Spend Matters would like to welcome Thom McLeod, founder and managing director of Tenzing Consulting for today's guest post on niche industrial services.
Working across numerous process industry plants across the US, we are seeing ideal market conditions for the sourcing of a wide variety of industrial services, if you take the right approach. Walk into a typical process plant in the U.S., be it a chemical plant or refinery, and you will notice hundreds or even thousands of people working there. But, look closely and you will see that they are not full-time employees, but overwhelmingly contractors, providing virtually all of the services necessary for the safe and efficient operation of that plant. Typically, many of these people serve under very large contracts that the manufacturer has in place with EPC, turnaround, or maintenance services companies -- contracts worth hundreds of millions or even billions in spend per year. These mega-contracts get a lot of attention from executive management and plant operations, not to mention procurement, but enormous sums are also spent in smaller chunks of $5 to 10 million on "niche services" that are also ultimately vital to the plant. Examples of these include scaffolding, design and drafting, component overhaul and repair, sewer cleaning, rental equipment, crane services ... the list is endless.
Our recent sourcing efforts in these and other similar categories have yielded from 20% to 65% savings, with an average of over 30%. Here are the critical success factors:
Overcapacity Market Dynamics: In a down economy, many suppliers are eager to fill their book and lock in business for the next year or more. While some regions may vary, the Southern California, Texas Gulf, and Great Lakes markets seem overcapacity for people in these services sectors and in materials inventories to support the services, e.g., scaffolding materials. But this opportunity may be short lived as other buyers will likely "book up" these suppliers at very favorable rates, and the suppliers will begin taking capacity out of the system -- proactively or by attrition. So, act now and act quickly.
Strategic Sourcing versus Direct Negotiations: In these smaller categories, buyers are often short of the time necessary to really run a sourcing process, and with small spend packages they perceive that "juice isn't worth the squeeze." So they resort to direct supplier negotiations, hoping for the standard 5% concession. We are not seeing successes in the 20-60% range with a direct negotiation approach. In fact, even in this market, buyers were frequently rebuffed or countered with price increases when they approached suppliers directly. Even worse is that they do get a small concession -- and completely miss the larger opportunity. We have only seen high-double digit results when we used a full strategic sourcing process, with real competition, a credible threat of switching, and a total cost of ownership approach.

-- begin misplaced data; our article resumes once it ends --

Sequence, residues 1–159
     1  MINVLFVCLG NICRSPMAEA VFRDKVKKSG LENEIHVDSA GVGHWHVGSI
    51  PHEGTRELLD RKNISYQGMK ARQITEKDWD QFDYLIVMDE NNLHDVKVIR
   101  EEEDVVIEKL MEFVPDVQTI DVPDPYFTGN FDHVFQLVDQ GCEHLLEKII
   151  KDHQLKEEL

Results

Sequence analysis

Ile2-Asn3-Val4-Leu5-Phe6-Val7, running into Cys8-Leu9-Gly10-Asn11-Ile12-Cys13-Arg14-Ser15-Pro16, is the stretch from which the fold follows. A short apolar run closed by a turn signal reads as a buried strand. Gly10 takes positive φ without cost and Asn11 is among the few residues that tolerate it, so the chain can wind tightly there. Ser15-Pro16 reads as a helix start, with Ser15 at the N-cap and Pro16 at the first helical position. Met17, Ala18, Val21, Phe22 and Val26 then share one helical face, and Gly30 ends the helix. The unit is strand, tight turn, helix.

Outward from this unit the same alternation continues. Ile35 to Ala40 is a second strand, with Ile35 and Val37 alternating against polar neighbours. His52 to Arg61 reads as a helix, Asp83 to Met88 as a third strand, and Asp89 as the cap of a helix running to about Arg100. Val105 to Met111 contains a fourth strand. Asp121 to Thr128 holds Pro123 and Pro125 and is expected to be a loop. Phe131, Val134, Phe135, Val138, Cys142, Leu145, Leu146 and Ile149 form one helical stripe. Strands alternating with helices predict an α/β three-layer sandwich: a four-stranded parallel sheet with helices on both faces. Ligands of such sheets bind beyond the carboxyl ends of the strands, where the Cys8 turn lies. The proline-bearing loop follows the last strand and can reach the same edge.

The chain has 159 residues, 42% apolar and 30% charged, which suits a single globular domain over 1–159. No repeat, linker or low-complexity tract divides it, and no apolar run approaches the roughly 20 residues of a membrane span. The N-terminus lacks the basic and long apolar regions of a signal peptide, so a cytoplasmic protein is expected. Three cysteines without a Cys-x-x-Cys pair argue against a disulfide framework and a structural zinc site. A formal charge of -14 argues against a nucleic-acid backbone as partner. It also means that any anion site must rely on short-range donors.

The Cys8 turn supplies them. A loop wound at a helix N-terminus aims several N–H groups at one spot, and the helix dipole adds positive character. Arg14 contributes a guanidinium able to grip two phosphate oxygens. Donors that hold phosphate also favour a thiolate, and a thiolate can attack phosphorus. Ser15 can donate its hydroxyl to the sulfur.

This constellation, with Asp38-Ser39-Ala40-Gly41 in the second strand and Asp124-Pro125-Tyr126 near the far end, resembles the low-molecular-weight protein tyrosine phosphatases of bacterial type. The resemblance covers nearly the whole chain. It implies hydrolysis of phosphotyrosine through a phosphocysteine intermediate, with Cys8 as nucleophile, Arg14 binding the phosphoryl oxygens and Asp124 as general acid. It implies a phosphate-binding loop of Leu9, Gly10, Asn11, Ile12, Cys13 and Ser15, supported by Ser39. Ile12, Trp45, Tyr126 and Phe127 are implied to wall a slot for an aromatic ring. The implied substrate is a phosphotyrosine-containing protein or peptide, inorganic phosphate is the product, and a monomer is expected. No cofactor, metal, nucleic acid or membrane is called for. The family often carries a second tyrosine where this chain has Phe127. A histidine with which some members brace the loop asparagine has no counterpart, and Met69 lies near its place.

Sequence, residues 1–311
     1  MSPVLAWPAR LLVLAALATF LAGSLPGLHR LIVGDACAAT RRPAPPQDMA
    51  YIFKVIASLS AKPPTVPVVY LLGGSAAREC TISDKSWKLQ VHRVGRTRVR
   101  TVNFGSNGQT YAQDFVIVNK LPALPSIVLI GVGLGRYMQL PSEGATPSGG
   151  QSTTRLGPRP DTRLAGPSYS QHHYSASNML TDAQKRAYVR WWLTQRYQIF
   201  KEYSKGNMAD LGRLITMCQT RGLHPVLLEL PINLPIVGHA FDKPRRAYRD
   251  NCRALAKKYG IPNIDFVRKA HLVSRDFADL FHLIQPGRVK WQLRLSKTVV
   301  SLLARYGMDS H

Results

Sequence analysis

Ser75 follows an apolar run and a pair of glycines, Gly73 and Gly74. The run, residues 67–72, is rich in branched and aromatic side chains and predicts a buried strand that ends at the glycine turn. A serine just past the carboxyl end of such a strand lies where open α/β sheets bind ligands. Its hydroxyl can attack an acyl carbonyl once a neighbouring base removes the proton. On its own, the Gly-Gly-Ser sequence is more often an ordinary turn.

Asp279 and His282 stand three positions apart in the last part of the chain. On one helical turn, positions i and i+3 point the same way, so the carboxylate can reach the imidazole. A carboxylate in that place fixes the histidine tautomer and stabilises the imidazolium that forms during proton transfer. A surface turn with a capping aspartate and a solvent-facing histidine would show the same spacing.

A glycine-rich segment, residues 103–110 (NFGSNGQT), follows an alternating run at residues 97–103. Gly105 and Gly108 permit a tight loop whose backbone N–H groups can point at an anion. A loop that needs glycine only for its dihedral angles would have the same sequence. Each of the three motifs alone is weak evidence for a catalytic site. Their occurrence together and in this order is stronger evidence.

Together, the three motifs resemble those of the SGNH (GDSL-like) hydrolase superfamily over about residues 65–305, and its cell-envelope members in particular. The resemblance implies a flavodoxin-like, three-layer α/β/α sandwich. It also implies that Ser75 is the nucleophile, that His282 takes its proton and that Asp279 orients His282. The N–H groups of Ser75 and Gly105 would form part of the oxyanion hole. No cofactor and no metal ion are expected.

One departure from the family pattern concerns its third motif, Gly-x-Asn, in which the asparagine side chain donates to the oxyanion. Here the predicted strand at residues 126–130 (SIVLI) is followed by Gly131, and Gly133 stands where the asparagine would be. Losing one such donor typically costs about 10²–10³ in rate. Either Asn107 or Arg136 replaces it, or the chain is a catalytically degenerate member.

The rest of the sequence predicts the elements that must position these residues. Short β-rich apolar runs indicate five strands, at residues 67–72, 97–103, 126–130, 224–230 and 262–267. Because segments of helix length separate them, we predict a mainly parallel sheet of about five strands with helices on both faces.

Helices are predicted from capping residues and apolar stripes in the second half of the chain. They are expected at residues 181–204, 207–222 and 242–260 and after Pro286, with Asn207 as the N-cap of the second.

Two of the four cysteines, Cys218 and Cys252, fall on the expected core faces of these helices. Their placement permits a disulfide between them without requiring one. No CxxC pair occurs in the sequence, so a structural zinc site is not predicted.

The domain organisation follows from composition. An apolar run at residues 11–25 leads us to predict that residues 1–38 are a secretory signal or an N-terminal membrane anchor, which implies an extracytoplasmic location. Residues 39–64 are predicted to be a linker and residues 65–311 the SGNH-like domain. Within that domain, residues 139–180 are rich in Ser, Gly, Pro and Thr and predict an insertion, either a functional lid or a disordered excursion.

Total Cost of Ownership to Find the Value: The results we achieve are not pure price or margin reduction plays. While that is clearly an element of the outcome, our post-bid analysis shows that as much or more of the value extracted in these categories comes from TCO elements. Consolidating service requirements, standardizing material specs, reducing underutilized equipment, establishing new norms-based or unit-rate supplier management regimes are integral to capturing maximum value.
How do you get at it? It may seem daunting since there could be dozens of categories like this in your business spread across many buyers, category managers, business units, and sites. If attacked one at a time, it is a virtually impossible task. We are forming teams around clusters of these categories to facilitate complex organizational coordination and concentrate resources. This way we can work multiple categories in parallel. When looked at as a group, Niche Services is suddenly a very large category, and one worth paying close attention to. When combined, those $5-10 million categories become a $100 million-plus category with a 30% savings potential. That is the equivalent of saving 3% on $1 billion. Interested?
- Thom McLeod